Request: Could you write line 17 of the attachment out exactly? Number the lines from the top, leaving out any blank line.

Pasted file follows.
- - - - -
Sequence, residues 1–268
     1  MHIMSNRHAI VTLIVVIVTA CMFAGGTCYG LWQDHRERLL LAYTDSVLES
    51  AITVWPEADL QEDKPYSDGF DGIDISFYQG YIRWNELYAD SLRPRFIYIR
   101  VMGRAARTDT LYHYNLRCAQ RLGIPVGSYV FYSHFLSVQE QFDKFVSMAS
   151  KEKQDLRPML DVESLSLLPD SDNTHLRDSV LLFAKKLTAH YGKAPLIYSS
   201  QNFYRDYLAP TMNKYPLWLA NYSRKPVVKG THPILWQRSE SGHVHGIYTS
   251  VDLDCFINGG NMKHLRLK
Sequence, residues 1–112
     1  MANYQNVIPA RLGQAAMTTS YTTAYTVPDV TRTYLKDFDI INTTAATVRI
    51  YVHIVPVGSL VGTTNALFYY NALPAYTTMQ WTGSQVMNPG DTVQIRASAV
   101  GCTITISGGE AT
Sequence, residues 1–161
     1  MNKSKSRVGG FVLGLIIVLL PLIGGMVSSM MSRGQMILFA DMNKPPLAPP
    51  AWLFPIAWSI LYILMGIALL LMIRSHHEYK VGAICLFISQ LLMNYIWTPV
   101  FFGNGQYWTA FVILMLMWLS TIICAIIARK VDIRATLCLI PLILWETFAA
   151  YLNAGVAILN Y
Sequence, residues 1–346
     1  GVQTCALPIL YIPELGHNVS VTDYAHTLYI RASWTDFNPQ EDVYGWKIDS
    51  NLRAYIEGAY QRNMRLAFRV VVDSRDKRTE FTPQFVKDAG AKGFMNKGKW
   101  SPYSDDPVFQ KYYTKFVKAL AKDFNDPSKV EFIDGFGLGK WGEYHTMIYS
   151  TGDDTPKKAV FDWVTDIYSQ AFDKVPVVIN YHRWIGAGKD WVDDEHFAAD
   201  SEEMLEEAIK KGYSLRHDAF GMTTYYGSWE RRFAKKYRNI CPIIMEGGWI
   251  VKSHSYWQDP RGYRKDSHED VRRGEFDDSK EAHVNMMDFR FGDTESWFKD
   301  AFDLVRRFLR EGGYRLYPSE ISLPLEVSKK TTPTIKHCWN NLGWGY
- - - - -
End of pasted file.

Sequence, residues 1–346